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    I am a very very forgiving. Some people think this is a bad quality, but I look for the good in pretty much any situation or scenerio presented to me. When I see a crime on the news, or something to that effect, the first thing I think about is "what was the motivation for them to do it", and that is usually what I would base what punishment should be on. I am against the death penalty. I often tell people "it is worse to sit in jail for ever, then to die", and that is sort of true. The thing is though, I very much disagree with the "eye for an eye" philsophy. It just bothers me, and I don't think it is fair. I don't think anyone deserves to die. If someone were to kill my mom (the person who I am closest to in my life), I would not want that person to die in turn. Despite how hurt I would be, I don't think they would deserve that. In all honesty, I could potentially see myself saying that they shouldn't even be going to jail. I, more then anything, would want to sit down with them and just ask them "...why". I just can't bring myself to wish punishment on anyone.

    I am sort of rambaling at this point, but in a nutshell, I put mercy before justice.
     
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    Julia

    Julia Community Member

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    I'll have to think about mercy being leniency at the societal level because that could be the case. It depends also on its relationship to shared values.

    I am not seeing justice as inherently existing at the societal level when there are examples of mob rule, genocide, and tyranny that are common when shared values come together in a society. Whatever occurs at the societal level has more force behind it. It is also reasonable to consider that an individual can implement justice (for example quit a job where they are being exploited) without any sense of revenge involved. Societies require shared values in order to function and so justice as the implementation of values does function naturally at the societal level. I don't see this as implying it has a higher level of objectivity than mercy, but that it relies on shared values rather than shared emotions when implemented.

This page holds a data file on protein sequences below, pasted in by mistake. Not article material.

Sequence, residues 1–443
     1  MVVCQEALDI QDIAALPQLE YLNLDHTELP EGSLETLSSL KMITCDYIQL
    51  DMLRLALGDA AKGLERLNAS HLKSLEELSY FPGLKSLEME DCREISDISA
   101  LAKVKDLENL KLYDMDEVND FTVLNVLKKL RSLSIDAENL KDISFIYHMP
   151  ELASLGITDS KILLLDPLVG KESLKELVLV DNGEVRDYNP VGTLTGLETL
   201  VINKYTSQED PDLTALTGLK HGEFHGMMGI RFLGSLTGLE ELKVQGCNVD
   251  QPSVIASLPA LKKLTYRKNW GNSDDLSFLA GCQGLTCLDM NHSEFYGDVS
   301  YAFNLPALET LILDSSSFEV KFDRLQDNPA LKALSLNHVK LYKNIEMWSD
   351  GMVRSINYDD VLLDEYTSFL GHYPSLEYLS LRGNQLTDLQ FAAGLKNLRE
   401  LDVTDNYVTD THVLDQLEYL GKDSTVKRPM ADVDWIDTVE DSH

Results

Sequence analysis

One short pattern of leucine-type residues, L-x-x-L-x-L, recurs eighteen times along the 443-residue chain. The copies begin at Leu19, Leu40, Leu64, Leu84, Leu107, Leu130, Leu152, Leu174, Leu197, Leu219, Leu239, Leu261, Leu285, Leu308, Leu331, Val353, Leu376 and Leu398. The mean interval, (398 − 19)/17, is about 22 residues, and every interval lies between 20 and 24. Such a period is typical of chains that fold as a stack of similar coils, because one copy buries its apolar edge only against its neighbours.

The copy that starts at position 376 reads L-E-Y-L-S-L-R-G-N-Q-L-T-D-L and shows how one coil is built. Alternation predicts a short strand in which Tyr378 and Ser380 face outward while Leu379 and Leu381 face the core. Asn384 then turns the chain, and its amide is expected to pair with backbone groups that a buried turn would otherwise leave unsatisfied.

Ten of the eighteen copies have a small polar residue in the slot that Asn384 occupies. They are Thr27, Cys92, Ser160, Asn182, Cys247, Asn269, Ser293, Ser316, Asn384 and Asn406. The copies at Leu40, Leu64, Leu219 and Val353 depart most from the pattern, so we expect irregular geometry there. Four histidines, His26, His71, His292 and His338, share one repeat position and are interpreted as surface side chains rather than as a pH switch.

One thing I should address though, the term mercy does imply a personal and emotional response, and I am using it primarily to mean non-judgment and withholding punishment, so I might need to find a different term or at least clarify that my focus is on certain aspects of the term in relationship to justice.

    Correcting a situation and punishing a person can be different things. For example, a society focused on punishment will take longer identifying illnesses that produced the harm and can be treated which solves a bigger issue than the case at hand.
     
    #14 Julia, Sep 5, 2009
    Last edited: Sep 5, 2009
  15. AUM

    AUM The Romantic Scientist

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    I'm actually one of those individuals that believe in justice, and I try to do everything in my power for everything to be fair for everyone despite the motivation behind the action. If I see a starving man stealing food, with all the pain in my heart I would still call the police and have him arrested. In my head I think that if the robbery is left and no justice is showed that may lead other people to do the same and potentially lead to greater flaws in the system. The same thing with me, once I had no choice but to drive while in the influence of alcohol but it was a matter of life and death but when I finished attending my business I pulled over to a cop and told him that I was driving and I was sort of drunk. He didn't arrest me but gave me a big fine and a suspension of my license for 5 years that I'm still paying despite that the motivation behind my action of driving like that was justified. If I see somebody murdered I would like the criminal to be paid with the same token not with the death penalty but by other means that is just to the family involved.